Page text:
Furthering Global Britain? Reviewing the Foreign Policy Effect of UK Engagement in East Africa

The project considered UK development investments in East Africa through the lenses of foreign policy, defence and security, and looked at their strategic relevance and effectiveness.

The 2021 Integrated Review sets out the UK government’s vision for Global Britain: an emphasis on openness as a source of prosperity; a more robust position on security and resilience; a renewed commitment to the UK as a force for good in the world; and an increased determination to seek multilateral solutions to challenges such as climate change.

This project analysed how significant UK development and defence investments are in contributing to selected Global Britain policy agendas in the Horn and East Africa.

The project assessed changes between 2021 and 2023 and looked back over the past six years to provide context and understand the extent of UK engagement in the region.

Aims and objectives

Using the East Africa region as a case study where the UK has deployed its full defence, diplomacy and development toolkit, the project aimed to test the extent to which the UK’s foreign policy inputs have contributed to policy outcomes.

The project sought to answer the following overarching research questions:

  • How effective has the UK been in making a positive difference in relation to its 'Global Britain' objectives in the region?
  • What role, if any, has UK development engagement had in supporting positive outcomes associated with 'Global Britain'?
  • What role, if any, has UK defence and diplomatic engagement had in supporting the 'Global Britain' agenda?
  • What impact have recent structural and policy changes had on the 'Global Britain' outcomes?
  • What effect has the DFID-FCO merger had and is there a measurable shift in priorities, approach or perceptions of the UK?
  • Have cuts to UK aid affected UK efforts to pursue the 'Global Britain' agenda?
  • Have UK effectiveness and influence changed at all due to Brexit?
  • How does the UK's approach and its impact differ compared to other countries?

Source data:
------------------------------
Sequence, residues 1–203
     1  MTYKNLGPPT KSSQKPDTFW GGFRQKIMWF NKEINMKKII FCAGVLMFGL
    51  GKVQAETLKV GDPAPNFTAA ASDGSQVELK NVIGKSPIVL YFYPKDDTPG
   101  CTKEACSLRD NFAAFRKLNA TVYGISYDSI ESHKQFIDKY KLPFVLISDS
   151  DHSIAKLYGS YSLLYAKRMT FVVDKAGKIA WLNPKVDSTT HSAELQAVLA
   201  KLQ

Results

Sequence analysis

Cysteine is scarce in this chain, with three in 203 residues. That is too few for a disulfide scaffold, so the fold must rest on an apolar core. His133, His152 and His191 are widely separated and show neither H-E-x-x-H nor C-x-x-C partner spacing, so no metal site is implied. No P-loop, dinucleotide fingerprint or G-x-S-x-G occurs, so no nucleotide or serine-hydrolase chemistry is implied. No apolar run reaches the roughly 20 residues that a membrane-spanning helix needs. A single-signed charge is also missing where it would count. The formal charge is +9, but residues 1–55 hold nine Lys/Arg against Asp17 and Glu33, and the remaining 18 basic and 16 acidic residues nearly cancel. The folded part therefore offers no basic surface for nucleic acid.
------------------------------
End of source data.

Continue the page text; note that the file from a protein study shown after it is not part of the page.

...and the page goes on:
• Is the UK approach more or less effective than that of other 'likeminded' partners in the region?
  • Do other countries' approach have comparative or complementary advantages, such as China's particular focus on infrastructure?
  • How do FCDO priorities in East Africa align with those of in-country governments and what are the in-country governments' expectations of and recommendations for FCDO?


Research methodology

The research methodology consisted of a review of selected policy literature and 182 semi-structured expert interviews carried out from mid-2021 to early 2023. The project’s lifespan was characterised by changes in government and policy direction in the UK as well as several social and political changes across all of the case study countries which ranged from violent conflict in Ethiopia, political changes and protests in Kenya, the near total collapse of Sudan, as well as ongoing unrest in Somalia.

All these developments have made it challenging to determine the longer-term impact on perceptions of the UK’s influence across East Africa. Despite this, the project led to the production of 4 country specific research papers as well as several commentaries, outlined by country below.

Related programme

Africa in Perspective Programme

We take an in-depth look at the evolving nature of conflict and security in key regions of Sub-Saharan Africa.

Project outputs

The project produced several country research papers and commentaries focusing on Ethiopia, Kenya, Somalia, and Sudan, as well as papers and commentaries evaluating the UK’s foreign policy approach in East Africa more generally.


Furthering Global Britain? An Overview of UK Engagement in Eastern Africa
Furthering Global Britain? Reviewing the Foreign Policy Effect of UK Engagement in East Africa - Occasional Paper


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Project impact

The project brought together over 200 speakers and guests from a mix of policymakers, practitioners and academics across the defence, security, and development sectors from both the UK and the African continent at the landmark RUSI UK-Africa Conference on 20 April 2023.

The project’s findings and recommendations were shared widely among UK policy-makers and are in part reflected in the UK Government’s 2023 White Paper on International Development.